~ ابونصر محمد بن محمد فارابی ~
XXIV. Religion and Philosophy
147. If a religion depends on a philosophy perfected after all the syllogistic arts have been distinguished from one another in the way and the order that we have recounted, it will be an excellently valid religion.
However, if philosophy has not yet become excellently demonstrative and certain, but continues to validate its opinions instead by rhetorical, dialectical, or sophistical [arguments], it is possible as a consequence that all, most, or a large part of it incorporates opinions that are all false without this being noticed so that it is a philosophy based on belief or false reasoning. If a religion is constructed  on the basis of such a philosophy, it will incorporate numerous false opinions. If in addition many of these false opinions are imaged and their paradigms are taken instead of them - as religions usually do with what is difficult for the multitude to conceive - that religion will be still further from what is real and will be a corrupt religion whose corruptness is not noticed. A religion that is even more corrupt than that religion will result when, subsequently, a lawgiver comes who does not adopt the opinions in his religion from the philosophy that happens to exist in his own time, adopting instead the opinions set down in the earlier religion on the assumption that they are what is real, images them, and adopts their paradigms to teach the multitude. If after him there comes yet another lawgiver who depends on this second lawgiver, the corruption will be still worse.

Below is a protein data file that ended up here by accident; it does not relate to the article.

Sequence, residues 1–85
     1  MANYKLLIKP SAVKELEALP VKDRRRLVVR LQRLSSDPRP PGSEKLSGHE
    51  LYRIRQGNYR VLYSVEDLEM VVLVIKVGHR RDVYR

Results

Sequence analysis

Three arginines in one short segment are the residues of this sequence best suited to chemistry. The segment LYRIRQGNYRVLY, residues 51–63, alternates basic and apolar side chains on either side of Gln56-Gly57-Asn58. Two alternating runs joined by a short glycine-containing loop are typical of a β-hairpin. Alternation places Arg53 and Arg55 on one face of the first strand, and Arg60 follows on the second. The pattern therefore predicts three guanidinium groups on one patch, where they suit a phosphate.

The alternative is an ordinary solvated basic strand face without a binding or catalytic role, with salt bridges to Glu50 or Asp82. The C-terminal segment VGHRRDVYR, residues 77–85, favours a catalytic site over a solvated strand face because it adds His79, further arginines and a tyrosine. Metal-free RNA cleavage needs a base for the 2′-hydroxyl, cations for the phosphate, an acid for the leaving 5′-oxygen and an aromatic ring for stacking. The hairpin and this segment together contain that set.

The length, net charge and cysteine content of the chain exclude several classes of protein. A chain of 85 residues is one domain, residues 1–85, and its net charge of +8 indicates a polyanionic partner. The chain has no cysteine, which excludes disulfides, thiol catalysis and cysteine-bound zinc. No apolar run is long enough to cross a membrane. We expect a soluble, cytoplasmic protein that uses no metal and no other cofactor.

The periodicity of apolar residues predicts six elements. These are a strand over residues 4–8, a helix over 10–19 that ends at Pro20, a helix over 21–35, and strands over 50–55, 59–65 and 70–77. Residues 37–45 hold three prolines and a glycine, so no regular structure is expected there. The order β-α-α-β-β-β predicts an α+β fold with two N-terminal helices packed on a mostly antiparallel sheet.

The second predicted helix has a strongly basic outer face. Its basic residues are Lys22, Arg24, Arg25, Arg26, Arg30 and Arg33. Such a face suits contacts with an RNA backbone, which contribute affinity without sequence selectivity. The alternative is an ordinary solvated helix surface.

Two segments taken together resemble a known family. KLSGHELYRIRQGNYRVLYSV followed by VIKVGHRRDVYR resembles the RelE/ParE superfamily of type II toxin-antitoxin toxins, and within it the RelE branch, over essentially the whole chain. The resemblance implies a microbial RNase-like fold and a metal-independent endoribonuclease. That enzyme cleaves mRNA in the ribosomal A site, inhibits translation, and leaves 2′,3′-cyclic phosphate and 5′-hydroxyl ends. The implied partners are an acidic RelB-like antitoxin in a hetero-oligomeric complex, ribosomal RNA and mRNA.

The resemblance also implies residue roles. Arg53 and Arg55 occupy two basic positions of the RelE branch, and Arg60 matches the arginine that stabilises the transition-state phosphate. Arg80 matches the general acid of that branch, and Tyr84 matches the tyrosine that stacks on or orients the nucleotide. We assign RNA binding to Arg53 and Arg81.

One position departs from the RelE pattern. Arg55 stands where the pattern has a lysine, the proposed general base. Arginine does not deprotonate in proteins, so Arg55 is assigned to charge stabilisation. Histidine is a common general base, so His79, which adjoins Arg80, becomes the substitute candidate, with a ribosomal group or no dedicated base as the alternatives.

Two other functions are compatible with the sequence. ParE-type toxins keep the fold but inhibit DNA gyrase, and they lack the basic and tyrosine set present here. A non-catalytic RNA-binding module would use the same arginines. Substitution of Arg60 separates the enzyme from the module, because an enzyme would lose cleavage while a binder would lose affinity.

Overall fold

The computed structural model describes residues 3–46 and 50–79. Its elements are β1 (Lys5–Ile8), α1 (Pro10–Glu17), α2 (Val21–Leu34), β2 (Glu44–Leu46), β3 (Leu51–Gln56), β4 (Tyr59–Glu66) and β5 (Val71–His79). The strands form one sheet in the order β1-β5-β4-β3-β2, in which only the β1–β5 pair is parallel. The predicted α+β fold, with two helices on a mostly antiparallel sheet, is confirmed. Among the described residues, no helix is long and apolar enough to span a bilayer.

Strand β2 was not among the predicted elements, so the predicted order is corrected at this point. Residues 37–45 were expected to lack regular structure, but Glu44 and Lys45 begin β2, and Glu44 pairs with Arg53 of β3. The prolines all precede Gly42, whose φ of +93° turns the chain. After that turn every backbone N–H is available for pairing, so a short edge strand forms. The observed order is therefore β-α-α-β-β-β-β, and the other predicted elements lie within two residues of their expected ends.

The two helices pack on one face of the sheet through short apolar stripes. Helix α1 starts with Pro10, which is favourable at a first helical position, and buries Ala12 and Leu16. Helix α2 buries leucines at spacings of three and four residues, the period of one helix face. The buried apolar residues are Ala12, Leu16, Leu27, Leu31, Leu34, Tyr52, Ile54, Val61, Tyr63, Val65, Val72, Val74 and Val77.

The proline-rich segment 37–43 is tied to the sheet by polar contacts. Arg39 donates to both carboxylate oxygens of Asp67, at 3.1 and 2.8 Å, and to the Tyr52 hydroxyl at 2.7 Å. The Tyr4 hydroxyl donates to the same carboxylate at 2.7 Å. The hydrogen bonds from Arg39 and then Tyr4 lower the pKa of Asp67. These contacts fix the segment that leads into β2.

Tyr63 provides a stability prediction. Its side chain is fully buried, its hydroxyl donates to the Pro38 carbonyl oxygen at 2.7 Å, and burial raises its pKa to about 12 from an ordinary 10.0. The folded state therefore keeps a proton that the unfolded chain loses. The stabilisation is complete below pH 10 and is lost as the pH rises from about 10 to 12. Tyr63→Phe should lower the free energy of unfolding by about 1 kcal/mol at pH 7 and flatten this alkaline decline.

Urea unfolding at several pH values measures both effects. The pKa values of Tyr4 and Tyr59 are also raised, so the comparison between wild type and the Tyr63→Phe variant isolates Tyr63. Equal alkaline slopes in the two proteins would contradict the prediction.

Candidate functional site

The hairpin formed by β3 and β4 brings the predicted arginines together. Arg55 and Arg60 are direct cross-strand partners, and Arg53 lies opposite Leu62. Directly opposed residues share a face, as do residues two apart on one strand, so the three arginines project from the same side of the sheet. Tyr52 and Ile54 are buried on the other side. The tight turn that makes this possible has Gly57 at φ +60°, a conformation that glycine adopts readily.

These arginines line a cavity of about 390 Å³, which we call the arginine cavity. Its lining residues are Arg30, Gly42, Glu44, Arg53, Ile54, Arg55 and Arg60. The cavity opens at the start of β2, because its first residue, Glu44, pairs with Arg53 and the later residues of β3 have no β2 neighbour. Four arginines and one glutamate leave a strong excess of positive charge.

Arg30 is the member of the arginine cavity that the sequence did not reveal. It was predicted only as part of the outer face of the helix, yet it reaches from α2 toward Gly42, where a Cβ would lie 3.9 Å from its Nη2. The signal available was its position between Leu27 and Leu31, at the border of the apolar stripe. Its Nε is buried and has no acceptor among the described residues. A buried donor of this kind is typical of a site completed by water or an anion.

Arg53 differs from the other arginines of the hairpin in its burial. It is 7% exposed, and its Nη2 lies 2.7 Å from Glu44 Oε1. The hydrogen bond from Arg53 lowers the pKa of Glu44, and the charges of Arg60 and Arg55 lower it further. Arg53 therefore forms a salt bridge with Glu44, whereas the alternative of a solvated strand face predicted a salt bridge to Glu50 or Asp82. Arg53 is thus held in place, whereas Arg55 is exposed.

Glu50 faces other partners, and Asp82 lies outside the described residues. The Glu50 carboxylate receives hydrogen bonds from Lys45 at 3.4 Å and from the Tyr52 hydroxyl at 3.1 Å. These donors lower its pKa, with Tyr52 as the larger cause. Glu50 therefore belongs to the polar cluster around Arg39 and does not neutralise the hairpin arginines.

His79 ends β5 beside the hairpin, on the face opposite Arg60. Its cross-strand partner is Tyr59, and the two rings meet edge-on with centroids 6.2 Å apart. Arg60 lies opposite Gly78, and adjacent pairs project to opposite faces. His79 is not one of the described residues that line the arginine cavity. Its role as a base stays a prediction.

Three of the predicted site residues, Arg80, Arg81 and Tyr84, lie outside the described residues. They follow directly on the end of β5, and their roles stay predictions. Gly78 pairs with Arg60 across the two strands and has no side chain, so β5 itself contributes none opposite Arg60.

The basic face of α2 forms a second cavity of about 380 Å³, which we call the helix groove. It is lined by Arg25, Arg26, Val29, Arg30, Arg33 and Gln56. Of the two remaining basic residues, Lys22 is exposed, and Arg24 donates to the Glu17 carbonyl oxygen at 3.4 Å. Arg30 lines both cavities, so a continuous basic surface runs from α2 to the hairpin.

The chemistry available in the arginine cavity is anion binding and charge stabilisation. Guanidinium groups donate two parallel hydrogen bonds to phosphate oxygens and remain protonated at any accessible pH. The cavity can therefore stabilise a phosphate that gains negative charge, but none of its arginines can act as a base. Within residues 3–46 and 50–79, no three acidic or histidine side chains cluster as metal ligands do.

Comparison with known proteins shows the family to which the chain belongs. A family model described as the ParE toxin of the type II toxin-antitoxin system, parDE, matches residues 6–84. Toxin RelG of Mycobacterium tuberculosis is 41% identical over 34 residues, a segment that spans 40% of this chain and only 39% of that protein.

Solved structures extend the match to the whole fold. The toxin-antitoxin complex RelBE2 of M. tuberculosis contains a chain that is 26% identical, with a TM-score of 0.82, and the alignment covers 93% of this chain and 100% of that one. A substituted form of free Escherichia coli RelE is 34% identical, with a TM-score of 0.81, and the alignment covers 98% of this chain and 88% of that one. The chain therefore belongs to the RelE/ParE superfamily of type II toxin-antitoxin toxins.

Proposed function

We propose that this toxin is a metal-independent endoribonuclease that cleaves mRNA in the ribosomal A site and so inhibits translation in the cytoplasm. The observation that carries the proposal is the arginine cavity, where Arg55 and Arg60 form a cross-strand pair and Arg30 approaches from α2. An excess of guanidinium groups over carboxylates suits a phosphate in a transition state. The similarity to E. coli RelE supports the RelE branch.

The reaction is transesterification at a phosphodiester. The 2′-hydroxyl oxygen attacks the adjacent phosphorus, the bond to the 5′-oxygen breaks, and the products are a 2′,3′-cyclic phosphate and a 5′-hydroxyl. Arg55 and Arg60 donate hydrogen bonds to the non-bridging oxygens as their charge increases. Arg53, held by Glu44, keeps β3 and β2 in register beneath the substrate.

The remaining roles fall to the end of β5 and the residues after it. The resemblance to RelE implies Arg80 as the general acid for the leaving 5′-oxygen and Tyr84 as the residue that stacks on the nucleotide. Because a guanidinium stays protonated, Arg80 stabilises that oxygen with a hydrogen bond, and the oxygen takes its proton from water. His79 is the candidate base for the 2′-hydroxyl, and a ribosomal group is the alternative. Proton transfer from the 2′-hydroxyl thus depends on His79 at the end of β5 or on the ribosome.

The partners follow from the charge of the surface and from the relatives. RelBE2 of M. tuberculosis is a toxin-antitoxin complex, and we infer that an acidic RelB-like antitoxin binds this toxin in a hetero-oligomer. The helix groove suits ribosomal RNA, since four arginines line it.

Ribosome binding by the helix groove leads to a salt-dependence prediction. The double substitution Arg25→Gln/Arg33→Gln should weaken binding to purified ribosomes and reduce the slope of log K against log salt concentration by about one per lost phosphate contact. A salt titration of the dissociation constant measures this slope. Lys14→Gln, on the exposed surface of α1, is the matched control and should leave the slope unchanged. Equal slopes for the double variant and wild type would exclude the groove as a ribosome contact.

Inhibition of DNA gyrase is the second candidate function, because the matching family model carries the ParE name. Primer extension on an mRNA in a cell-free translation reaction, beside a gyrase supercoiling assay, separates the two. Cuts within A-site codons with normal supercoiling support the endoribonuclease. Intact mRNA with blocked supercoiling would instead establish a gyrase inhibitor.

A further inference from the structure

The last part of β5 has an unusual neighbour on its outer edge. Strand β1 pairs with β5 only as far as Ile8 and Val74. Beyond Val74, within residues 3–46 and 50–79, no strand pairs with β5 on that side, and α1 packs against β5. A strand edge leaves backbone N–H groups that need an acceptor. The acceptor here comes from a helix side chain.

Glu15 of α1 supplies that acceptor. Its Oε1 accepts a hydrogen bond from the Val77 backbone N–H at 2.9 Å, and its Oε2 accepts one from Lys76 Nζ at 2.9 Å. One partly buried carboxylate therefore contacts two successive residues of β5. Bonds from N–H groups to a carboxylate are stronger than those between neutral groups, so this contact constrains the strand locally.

Hence a valid religion will be realized in a nation only when it is realized in it according to the first manner; a corrupt religion will be realized in a nation when it is realized according to the second manner. However, in both cases religion emerges only after philosophy, whether after certain philosophy, which is genuinely philosophy, or after the philosophy based on belief, which is believed to be philosophy even though it is not genuinely philosophy. This, then, is the situation when religion emerges in a nation out of its own innate gifts and own natural make-up.
148. On the other hand, if religion is transferred from a nation where it belongs to a nation without a religion- or if a religion belonging to a certain nation is adopted and improved by additions, deletions, or some other change being made, and then is made the religion of another nation - and its character is formed by that religion, it is taught that religion, and it is governed by it, then it is possible that religion will emerge in this nation before philosophy is realized and even before dialectic and sophistry are realized. As for philosophy, when it does not emerge in a nation out of its innate gifts, but is transferred to it from another people where it had belonged, it can emerge in this nation after the religion that has been transferred to it.
149.  Now if the [original] religion depended on a perfect philosophy, yet the theoretical matters in the philosophy were not set down in the religion in the same way as they were in the philosophy, using the very utterances with which they were expressed in the philosophy; rather, the religion had adopted the paradigms of all or most of those theoretical matters in their place.
If this religion was transferred to another nation without this nation recognizing that it depends on philosophy or that its contents are paradigms of theoretical matters validated in philosophy through certain demonstrations; rather, all this was passed over in silence so that this nation came to believe that the paradigms contained in that religion are what is real and the theoretical matters themselves.